Product developers and manufacturers employ a system generically called Quality Assurance to guard against errors. Specifically, QA personnel assess the quality of the different stages of product creation, from research and development to product launch, sometimes called "end of life." Different industries use different types of QA processes. Some of these are Six Sigma, LEAN, and ISO 9000 (See Resources below). The following are the general steps used by most QA programs.
Determine your goals and objectives. Not all QA projects will have the same objectives. It is important to clearly define the need and the purpose behind any product audit. If you're are in the product development stage, your role in QA will be to create detailed documentation of the development process that can be used for future QA audits. Requirements, organizational benchmarks, competitive performance and any legal issues related to the new product should all be reviewed and documented.
Define your customer. Customers can be both internal and external. Logistics may not be involved in product creation, but logistics staff should be involved in the QA process if distribution is a key consideration for getting the product to the customer. The manufacturing process should feed into distribution. No one will care if a product is consistently error free if it takes forever to reach the customer.
Pay attention to customer needs. QA programs are ultimately for the customer. Don't make the mistake of conducting an assessment without knowing what the customer wants. Regulatory compliance will not beat the competition. QA is as much about creating a better product as it is about compliance and reducing the cost of production. These needs should be covered in any initial documentation.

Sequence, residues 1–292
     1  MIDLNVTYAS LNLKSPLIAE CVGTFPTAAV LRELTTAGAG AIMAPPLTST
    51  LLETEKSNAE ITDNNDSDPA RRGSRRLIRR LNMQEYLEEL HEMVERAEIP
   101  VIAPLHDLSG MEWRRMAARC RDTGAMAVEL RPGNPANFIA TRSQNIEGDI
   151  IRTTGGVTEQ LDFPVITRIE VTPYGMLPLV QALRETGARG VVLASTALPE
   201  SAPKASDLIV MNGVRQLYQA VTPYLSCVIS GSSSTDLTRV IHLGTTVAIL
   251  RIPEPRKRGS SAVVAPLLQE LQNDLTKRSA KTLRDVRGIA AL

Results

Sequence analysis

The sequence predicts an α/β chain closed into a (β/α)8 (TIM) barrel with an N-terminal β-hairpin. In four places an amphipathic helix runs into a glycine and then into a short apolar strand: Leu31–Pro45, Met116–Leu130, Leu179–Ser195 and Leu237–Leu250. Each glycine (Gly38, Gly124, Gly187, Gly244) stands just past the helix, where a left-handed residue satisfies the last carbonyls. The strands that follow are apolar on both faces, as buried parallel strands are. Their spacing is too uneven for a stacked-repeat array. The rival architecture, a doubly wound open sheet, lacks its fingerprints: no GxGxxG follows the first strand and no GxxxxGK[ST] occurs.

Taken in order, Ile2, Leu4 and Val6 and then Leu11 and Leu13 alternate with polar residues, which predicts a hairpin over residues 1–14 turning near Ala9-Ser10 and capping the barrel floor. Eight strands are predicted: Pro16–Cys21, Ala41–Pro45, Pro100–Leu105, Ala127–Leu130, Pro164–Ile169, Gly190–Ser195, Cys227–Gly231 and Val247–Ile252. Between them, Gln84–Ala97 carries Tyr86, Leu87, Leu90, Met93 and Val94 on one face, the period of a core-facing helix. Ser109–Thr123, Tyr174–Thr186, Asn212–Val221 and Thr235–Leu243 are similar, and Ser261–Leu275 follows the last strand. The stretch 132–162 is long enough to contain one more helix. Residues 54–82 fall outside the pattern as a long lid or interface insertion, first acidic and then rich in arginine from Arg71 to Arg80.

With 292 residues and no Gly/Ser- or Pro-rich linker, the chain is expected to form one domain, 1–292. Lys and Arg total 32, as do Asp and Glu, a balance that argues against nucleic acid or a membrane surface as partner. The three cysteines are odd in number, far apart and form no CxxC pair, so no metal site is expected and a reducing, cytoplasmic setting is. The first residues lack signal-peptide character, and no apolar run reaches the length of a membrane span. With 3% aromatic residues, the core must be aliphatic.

Keep costs uppermost in your mind. Finance has most likely performed a cost benefit analysis on the product before development. The goal of this analysis was to create the highest quality product within a specific cost target. Pricing is dependent on quality being maintained within these cost constraints.
Test the product. This test should be based on certain attributes discussed in Steps 1 and 2, such as compliance, customer needs, and any legal concerns.
Create a process or workflow map. This is a visual diagram of the flow of the product through production to delivery. Take note of the cycle time and look for redundant or non-value- added processes. Make sure each product goes through the same process. Consistency and error reduction are at the heart of QA.
Develop process controls. Controls help to ensure that QA is always a consideration. The best controls are automated and unobtrusive.
Continue to monitor. QA is about continuous improvements in product quality, cost reduction (price to maintain competitivness), reduction in cycle time, and faster delivery. Getting the product to the customer one day faster than the competition, for example, is a competitive advantage companies cannot afford to overlook. Those that do will find their market share shrinking.
Working as a full-time freelance writer/editor for the past two years, Bradley James Bryant has over 1500 publications on eHow, LIVESTRONG.com and other sites. She has worked for JPMorganChase, SunTrust Investment Bank, Intel Corporation and Harvard University. Bryant has a Master of Business Administration with a concentration in finance from Florida A&M University.